Recording Historic Guns
Above: A WWII Vickers gun, shortly after firing.
Many of the recordings covered in this post were used for projects while at Splash Damage, for weapon audio design for Gears of War: Ultimate Edition, Batman: Arkham Origins and Dirty Bomb.
Recording guns is hard, the logistics of getting everything to the session is a challenge, not to mention the actual recording process itself. Many factors can impact the recordings you end up with, what the weather is like, are you in a forest clearing or a desert, or some sort of range. What mics do you use and how close or far away do you put them. Do you want all mics facing the shooter? What recorders do you use and where do you set your gain, and how do you avoid shooting someone’s dog (I did one session at a National Park with a huge area cordoned off for firing/recording, however some dog walkers don’t seem to care about casually wandering past a weapon shoot, thankfully that session was firing blanks! And we were very careful)
I recently did a historic machine gun recording session, not as big a setup as usual, fewer mics, and fewer guns than previous sessions which made it easier to manage. The line up included 3 Vickers guns, a Maxim (the gun the Vickers was derived from), Lewis, BAR, SMLE (Short Magazine Lee-Enfield) and this SMLE with periscope attachment. It was a huge honour and lots of fun to be able to record these historic and rare weapons, some of which are museum pieces.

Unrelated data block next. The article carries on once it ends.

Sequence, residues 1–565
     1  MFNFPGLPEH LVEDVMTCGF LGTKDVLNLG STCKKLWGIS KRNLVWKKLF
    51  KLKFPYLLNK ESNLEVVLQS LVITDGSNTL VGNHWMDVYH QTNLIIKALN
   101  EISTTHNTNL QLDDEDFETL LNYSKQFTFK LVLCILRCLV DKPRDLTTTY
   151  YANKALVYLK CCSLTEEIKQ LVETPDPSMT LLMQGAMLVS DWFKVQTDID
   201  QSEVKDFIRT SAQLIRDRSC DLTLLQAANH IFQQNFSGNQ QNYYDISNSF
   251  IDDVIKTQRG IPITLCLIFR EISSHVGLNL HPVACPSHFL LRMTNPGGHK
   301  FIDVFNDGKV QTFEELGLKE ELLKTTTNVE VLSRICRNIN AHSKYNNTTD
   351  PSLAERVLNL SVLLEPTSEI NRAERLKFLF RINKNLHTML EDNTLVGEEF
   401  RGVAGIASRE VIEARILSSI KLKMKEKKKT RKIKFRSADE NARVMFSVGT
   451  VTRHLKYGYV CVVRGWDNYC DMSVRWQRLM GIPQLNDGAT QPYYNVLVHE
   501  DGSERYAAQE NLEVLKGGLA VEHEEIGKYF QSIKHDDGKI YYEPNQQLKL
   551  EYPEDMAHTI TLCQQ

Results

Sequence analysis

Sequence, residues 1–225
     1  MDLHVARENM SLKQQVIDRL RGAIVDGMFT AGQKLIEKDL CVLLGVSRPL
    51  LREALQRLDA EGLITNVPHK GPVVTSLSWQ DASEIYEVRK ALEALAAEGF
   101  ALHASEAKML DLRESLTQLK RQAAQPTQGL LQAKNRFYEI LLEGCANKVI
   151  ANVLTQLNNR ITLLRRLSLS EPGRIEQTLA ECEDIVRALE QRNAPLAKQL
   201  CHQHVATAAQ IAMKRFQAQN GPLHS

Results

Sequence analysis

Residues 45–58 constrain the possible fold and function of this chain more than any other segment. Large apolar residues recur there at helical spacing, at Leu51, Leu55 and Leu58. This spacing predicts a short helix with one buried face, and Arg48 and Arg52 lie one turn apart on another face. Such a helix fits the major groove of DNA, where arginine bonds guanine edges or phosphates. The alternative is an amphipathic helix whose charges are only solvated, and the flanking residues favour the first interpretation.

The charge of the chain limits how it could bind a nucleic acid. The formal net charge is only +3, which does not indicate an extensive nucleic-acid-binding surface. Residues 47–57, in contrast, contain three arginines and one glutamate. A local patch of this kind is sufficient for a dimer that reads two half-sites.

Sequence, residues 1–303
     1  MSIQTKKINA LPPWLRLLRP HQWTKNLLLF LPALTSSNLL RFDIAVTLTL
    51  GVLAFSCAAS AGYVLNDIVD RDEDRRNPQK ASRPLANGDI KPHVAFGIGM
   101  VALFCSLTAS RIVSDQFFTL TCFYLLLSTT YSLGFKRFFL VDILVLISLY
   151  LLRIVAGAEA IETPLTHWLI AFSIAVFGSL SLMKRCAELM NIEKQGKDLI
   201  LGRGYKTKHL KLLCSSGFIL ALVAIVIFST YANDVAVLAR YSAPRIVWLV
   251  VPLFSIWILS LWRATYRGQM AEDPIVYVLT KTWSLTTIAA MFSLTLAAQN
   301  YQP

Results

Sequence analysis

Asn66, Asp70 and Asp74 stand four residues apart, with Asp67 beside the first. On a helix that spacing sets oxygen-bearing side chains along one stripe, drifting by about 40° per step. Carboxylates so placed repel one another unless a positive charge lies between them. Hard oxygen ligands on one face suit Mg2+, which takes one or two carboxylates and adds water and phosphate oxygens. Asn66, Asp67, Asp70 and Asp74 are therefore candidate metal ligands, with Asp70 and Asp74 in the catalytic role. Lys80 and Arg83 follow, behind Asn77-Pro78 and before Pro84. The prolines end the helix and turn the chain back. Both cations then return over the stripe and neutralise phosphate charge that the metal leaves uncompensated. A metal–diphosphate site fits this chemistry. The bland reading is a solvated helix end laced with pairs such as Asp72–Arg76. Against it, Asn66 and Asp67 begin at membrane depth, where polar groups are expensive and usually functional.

WWI Lee-Enfield, with canvas breech cover and pouches.
Lee-Enfield with periscope attachment, allowing shooter to remain in trench cover.
The Lewis gun top (without magazine), BAR below.
One of my favourite guns to record is the Lewis Light Machine Gun, it has an interesting visual appearance due to its cylindrical top mounted drum magazine and the large air cooled barrel. Featured in Star Wars with minimal physical alterations as the Empire’s T-21 Light Repeating Blaster.
Sand-trooper with T-21 – altered Lewis gun prop.
And it sounds fantastic, with some mics positioned in particular places to pick up the mechanical elements it becomes a little like a giant sewing machine. I’ve recorded 3 Lewis guns on different occasions, in 2 locations. Here’s a clip from my most recent session at the Bisley National Shooting Centre of a few bursts with the audio from different mics one after the other.
(Change the quality to 480 or 720p)
The gun was shot on a 100 yard range, with a sandbank wall behind the targets, and wooden sleeper tracks placed vertically to make partial walls either side. The range is part of a larger site lined with trees, itself part of a complex with other ranges in use. Some of the recordings have extraneous distant fire in them.
Some things worth pointing out –
You can hear the DPA 4060s (max rated peak spl 134db) just on the wrong side of being driven hot, I like to set gains nice and high for sounds with loud transients, I’m not afraid of smashing limiters, but here the mics are just slightly getting hit too hard. You can hear it drifting from good to bad where the shots become spikes without tails as the mic is recovering from the spl. You’ll hear this more aggressively in the next example.
2 DPA 4060s eagerly waiting to get slammed by very high spl sound waves.
The Schoeps CMIT5 is a beautiful mic, but here this is completely the wrong place for it, it couldn’t get any closer without being driven too hard, and for practical reasons we couldn’t move it any further. Ideally I’d like to try it 50 to 300 meters away comfortably picking up lovely bright and clear distant shots.
The Oktava MK012s were positioned just at the start of the partial side walls of the range, so the recording here is super wide.